Alice MacLeod, Realist at Last (2006) is the stunning conclusion to Susan Juby's debut trilogy (preceeded by Alice, I Think and its sequel Miss Smithers). You might recognize Juby's name from the 2009 Edgar Awards where Getting the Girl was a nominee. This installment opens with the first scene from Alice's screenplay "Of Moose and Men"--a creative work loosely based on her own life. Excerpts of the screenplay are sprinkled throughout the novel. The writing is overwrought, exaggerated, and provides hysterical insight into Alice's psyche throughout the story. In addition to being Alice's latest career of choice, writing her screenplay also helps this sixteen-year-old heroine make sense of the chaos that has become her life. At the beginning of the story, Alice's boyfriend Goose is moving with his family to Glasgow for an entire year only to go away to university on the other end of Canada when he finally returns. Dealing with this heartbreak is bad enough on its own. Then Alice's mother, a somewhat aggressive environmentalist, is thrown in jail as a result of her activist activities. That leaves Alice, her younger brother, and her father on their own. To say that this development leaves the family less than functional would be a vast understatement. The one constant in Alice's life seems, ironically, to be Death Lord Bob--her ineffectual therapist from the Teens in Transition (Not Trouble) Center in town. At least until he too is called away leaving Alice with the surly Ms. Deitrich who doesn't seem to understand anything about Alice's life let alone her highly evolved sense of style. With their matriarch breadwinner in jail Alice and her father find themselves, for the first time, looking for gainful employment. Alice's job search, and eventual employment, throw her into the paths of two brilliant characters: Wallace and Vince. Negotiating these new romantic waters, Alice finds herself caught between two equally charming suitors--one five years her senior, the other considerably her junior. The dilemma is equally difficult for readers who will likely be as attracted tothese guys as Alice herself. Throughout the series, readers are able to trace Alice's evolution as a character. The girl we meet in this novel is very different from the Alice entering a traditional school (or a beauty pageant) for the first time. She is more mature, and in some ways more responsible and engaged with the world at large. More than that, though, Alice's true depth as a heroine is really apparent in this story as she not only works through but even rises above all of the (screw)balls life throws at her. Alice MacLeod, Realist at Last doesn't qualify as truly "realistic" fiction because of the humor and general madness that surrounds Alice. But Alice is still an utterly real and engaging character with a quirky sense of humor (and style) that will leave readers smiling. (I'd recommend reading the entire trilogy in sequence to fully appreciate how awesome it is, but the stories do stand alone fairly well if you happen upon them out of order.)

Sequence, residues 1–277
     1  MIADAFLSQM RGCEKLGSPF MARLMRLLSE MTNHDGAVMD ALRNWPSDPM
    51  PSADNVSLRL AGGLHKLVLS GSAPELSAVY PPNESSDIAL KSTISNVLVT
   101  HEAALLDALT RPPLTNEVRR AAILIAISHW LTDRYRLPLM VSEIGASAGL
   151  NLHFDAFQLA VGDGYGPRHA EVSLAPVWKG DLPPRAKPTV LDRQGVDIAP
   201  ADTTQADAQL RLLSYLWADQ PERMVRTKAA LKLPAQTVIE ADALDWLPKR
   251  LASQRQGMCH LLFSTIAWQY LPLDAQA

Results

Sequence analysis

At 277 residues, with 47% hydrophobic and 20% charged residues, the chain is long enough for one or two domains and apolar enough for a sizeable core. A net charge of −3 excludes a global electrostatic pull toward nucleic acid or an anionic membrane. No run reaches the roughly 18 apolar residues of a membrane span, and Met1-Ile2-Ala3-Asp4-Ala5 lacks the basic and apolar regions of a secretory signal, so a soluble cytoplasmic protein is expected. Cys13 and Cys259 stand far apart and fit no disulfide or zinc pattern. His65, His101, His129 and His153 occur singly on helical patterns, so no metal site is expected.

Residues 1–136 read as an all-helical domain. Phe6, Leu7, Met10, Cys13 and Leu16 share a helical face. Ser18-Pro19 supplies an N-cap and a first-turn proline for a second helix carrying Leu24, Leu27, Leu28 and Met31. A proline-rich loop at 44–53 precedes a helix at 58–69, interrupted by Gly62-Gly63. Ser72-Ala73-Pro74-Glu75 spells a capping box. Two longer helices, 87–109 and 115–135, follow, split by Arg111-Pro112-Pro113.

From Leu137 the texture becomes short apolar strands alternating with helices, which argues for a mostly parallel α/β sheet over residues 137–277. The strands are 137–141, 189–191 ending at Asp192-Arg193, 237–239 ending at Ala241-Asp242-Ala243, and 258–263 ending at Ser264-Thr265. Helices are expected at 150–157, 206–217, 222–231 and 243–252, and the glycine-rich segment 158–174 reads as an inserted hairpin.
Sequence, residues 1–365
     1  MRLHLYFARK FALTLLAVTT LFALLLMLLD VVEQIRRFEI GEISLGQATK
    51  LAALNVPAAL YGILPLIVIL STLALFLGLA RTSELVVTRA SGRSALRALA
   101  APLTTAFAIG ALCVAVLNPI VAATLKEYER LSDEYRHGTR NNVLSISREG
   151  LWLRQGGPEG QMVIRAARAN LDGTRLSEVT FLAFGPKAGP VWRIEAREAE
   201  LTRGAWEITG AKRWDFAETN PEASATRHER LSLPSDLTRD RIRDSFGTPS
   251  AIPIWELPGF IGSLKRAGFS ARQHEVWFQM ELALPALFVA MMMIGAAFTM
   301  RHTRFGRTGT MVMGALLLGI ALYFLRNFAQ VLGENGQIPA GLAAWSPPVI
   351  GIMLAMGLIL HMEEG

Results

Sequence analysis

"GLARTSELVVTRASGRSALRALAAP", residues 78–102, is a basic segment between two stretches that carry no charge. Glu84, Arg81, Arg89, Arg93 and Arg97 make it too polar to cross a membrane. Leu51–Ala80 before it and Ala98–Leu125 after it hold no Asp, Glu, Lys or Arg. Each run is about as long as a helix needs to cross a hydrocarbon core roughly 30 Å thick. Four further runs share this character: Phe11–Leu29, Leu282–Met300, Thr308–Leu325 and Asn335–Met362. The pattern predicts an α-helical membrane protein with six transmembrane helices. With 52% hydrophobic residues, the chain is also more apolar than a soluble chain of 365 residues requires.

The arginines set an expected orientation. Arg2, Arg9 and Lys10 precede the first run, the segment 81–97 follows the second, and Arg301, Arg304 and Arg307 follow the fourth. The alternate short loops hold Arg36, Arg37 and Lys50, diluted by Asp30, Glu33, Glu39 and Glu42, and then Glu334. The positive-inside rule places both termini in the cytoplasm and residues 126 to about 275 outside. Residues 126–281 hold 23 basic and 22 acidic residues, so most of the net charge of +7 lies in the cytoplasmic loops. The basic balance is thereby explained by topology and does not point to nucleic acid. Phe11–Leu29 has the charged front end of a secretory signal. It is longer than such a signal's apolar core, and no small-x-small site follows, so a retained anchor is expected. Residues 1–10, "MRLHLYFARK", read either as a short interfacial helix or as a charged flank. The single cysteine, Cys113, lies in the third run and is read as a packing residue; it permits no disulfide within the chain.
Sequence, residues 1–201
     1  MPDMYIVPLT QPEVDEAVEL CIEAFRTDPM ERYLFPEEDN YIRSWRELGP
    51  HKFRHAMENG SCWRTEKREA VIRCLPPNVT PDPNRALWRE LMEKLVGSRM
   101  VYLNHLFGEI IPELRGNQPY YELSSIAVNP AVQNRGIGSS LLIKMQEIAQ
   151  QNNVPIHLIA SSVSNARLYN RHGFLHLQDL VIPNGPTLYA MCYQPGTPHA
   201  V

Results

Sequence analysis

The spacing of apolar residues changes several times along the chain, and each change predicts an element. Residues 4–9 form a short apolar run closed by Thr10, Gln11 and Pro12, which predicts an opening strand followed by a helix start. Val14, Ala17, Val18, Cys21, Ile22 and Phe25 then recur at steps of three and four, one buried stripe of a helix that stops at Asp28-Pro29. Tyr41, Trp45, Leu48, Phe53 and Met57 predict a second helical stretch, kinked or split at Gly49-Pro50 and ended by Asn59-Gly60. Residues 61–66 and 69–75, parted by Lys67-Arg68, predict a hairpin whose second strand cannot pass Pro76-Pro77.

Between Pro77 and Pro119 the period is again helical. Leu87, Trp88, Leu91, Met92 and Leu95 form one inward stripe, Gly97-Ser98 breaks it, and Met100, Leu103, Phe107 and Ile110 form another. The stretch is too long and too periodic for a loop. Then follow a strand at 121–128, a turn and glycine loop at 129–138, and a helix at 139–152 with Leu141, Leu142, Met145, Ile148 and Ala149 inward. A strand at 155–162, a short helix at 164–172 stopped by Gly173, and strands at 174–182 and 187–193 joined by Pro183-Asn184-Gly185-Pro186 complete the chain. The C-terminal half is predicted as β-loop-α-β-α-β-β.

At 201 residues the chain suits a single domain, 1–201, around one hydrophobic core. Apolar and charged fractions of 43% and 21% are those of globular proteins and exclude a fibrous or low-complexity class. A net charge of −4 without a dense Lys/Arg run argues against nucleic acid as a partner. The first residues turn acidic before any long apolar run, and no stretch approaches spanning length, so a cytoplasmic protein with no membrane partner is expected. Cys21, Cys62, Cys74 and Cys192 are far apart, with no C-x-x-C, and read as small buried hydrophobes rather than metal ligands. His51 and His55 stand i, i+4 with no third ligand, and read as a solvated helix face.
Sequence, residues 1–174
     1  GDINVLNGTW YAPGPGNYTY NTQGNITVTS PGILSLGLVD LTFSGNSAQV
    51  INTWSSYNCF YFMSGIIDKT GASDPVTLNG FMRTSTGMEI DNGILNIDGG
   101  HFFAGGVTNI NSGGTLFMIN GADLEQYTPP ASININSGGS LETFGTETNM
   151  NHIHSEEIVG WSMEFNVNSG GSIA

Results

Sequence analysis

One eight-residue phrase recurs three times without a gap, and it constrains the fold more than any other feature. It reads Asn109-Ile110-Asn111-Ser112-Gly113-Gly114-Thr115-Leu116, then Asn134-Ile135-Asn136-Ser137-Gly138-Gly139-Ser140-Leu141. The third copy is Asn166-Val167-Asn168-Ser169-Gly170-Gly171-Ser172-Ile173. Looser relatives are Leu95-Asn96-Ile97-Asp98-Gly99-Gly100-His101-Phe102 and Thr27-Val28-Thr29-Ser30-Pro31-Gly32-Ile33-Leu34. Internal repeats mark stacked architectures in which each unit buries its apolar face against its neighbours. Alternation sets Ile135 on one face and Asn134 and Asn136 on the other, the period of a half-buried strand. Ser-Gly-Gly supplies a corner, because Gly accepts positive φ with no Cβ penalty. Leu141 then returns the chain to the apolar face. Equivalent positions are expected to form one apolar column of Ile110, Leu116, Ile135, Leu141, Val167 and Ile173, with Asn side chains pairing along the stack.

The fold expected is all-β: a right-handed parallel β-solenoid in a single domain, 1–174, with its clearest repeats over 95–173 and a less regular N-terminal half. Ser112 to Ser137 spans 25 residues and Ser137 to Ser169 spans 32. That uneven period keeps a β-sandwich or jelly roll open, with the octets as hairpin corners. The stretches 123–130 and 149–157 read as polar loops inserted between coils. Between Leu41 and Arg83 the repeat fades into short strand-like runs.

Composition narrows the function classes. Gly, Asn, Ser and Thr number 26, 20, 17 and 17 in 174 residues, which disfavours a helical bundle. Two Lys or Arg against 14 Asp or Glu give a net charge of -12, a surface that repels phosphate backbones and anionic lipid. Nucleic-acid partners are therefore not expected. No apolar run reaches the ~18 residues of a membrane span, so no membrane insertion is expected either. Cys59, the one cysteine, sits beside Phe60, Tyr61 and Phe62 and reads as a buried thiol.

Anonymous More than 1 year ago